I’ve driven a few of these at various times – like at high performance track days – and with the engine at the front and the gearbox at the rear they are unquestionably the easiest Porsche to drive. They are neutral and beautifully balanced with great steering and a gorgeous gearbox. They are a beautiful handler and a fantastic motor car but the Porsche traditionalists – hooked on rear engine 911s – don’t get too excited about them!

When I drove for the factory Mazda RX-7 team in the early-to-mid 1990s these Porsches were the cars to beat. Jim Richards and Peter Fitzgerald ran factory-supported 968 Club Sports with the M030 option and they were made for that sort of thing.

But they are also a liveable road car – you could drive it to work a few days a week. If there is one criticism, it’s the fact that with track-oriented coil-over springs and adjustable dampers, the ride is fairly firm, but on reflection it’s not too bad – it’s not much worse that some later-model BMWs with the run-flat tyres.

The engine is a bit special, too. It’s a 3.0-litre four-cylinder twin-cam four-valver with Porsche’s VarioCam and balance shafts. The balance shafts were licenced from Mitsubishi which had developed the technology for the big-capacity engine they used in the Sigma and Magna! I think Porsche decided it couldn’t do a better job of balancing its own big-capacity four so it ended up paying royalties to Mitsubishi. The VarioCam packs out the torque so it’s smooth, torquey as hell and with 0-100km/h acceleration in the sixes it’s a relatively quick car. The wheels are 17-inchers known as ‘Cups’ and unlike some of the other stuff from the 1990s (HSV tri-spokes anyone?) they remain a good looking wheel. These days 19s and 20s are standard fit for many performance cars but 17-inch was a reasonable size back then. And you know what? It means keeping good rubber under this isn’t too difficult or expensive, and they are lighter than larger wheels.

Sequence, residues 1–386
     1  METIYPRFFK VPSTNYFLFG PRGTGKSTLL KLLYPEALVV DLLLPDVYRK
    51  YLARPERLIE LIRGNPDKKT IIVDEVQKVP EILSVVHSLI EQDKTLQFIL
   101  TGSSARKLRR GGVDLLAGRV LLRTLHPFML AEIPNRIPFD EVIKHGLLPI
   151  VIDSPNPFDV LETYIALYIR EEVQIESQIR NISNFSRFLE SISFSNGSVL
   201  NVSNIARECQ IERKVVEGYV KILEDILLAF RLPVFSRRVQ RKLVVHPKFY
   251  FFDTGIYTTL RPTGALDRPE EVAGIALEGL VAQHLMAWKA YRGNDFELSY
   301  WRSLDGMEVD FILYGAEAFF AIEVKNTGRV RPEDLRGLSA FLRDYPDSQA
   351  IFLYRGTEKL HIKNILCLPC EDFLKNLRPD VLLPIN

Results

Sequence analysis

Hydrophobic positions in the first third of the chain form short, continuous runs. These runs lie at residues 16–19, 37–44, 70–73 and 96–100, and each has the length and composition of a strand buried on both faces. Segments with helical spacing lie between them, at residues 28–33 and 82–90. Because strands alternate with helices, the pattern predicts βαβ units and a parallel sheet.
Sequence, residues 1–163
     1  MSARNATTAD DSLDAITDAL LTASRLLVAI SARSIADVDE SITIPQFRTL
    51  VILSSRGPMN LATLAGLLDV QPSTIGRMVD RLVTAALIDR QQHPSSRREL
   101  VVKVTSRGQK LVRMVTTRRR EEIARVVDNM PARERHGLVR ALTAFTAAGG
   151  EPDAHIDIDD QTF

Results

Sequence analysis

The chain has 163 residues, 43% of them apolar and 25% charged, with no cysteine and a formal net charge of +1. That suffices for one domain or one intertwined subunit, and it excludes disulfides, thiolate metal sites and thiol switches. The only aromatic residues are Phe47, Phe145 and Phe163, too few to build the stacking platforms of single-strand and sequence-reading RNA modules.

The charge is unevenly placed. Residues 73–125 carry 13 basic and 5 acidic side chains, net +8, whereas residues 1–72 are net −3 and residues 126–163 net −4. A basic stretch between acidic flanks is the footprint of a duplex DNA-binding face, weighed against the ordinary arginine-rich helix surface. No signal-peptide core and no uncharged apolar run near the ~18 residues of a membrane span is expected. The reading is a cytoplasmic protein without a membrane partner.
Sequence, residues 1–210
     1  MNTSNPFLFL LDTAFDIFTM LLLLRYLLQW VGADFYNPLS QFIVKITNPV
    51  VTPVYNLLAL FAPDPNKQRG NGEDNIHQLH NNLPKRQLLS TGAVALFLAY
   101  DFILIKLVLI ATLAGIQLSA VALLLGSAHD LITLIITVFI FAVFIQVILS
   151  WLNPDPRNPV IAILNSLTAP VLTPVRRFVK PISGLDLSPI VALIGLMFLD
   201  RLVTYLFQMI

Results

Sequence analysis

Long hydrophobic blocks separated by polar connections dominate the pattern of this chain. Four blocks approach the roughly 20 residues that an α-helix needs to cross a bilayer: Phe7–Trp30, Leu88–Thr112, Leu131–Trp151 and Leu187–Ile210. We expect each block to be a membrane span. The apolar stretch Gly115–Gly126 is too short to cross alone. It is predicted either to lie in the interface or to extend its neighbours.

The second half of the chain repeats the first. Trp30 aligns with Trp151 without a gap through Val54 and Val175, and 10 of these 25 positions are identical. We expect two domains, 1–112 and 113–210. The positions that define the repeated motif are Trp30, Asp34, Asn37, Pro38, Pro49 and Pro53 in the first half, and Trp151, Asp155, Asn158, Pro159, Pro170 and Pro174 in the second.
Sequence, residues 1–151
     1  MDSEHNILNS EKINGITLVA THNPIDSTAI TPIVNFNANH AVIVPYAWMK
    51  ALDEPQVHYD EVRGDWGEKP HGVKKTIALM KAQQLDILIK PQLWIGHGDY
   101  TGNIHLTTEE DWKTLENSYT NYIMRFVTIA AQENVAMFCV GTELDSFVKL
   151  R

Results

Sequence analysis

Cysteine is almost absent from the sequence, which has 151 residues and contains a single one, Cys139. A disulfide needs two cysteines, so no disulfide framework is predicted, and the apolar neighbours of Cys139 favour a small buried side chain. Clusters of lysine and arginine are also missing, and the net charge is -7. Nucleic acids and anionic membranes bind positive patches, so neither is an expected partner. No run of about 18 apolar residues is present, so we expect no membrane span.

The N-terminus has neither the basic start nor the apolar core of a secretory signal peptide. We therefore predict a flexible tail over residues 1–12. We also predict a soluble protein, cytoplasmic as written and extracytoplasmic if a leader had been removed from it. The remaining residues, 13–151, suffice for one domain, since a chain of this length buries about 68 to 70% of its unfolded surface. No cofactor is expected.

The gearbox is a six-speed manual. It’s a transaxle with the gearbox installed at the rear of the car for better weight distribution. In fact, I think Porsche claimed 50:50 for the weight distribution. Of course it doesn’t make your nose bleed by today’s standards but it remains a good thing. But consider that it’s coming up to 20 years old and driving this still makes you smile. In that regard, it’s like only a few other cars – like a Mazda MX-5 – for delivering a genuinely fun, contemporary performance feeling for a car that is now getting on in years!

I reckon in another 20 years’ time this will be worth good money. History shows us that people appreciate and value rare and capable factory-built hot-rods. And in the meantime, it’s a damn good drive.

IT'S MINE...

Chris Sparrow jangles the keys to this 968 CS. "John Bowe talked me into this – he convinced me to buy one because he said they’re the best thing since sliced bread!" laughs Chris, who has worked in the motoring game all his life. "But I don’t have time to drive it very often. Really, these things are a terrific drive. They’re as torquey and responsive as a V8. They’re not a supercar like, say, a GT3 but as an all-rounder – daily driver, weekend tourer and a fun track car – they’re hard to beat. Maintenance and servicing is not expensive, either."


SPECIFICATIONS

1995 Porsche 968 Club Sport M030

Engine: 2999cc all-alloy 4-cyl, DOHC, 4v
Power: 176kW at 6200rpm
Torque: 305Nm at 4100rpm
Weight: 1320kg
Transmission: 6-speed manual, transaxle
Wheels: 225/45/R1717(f); 255/40/ZR17 (r)
Brakes: Cross-drilled and vented discs with ABS
0-100km/h: 6.3sec
Top speed: 250km/h

 


*****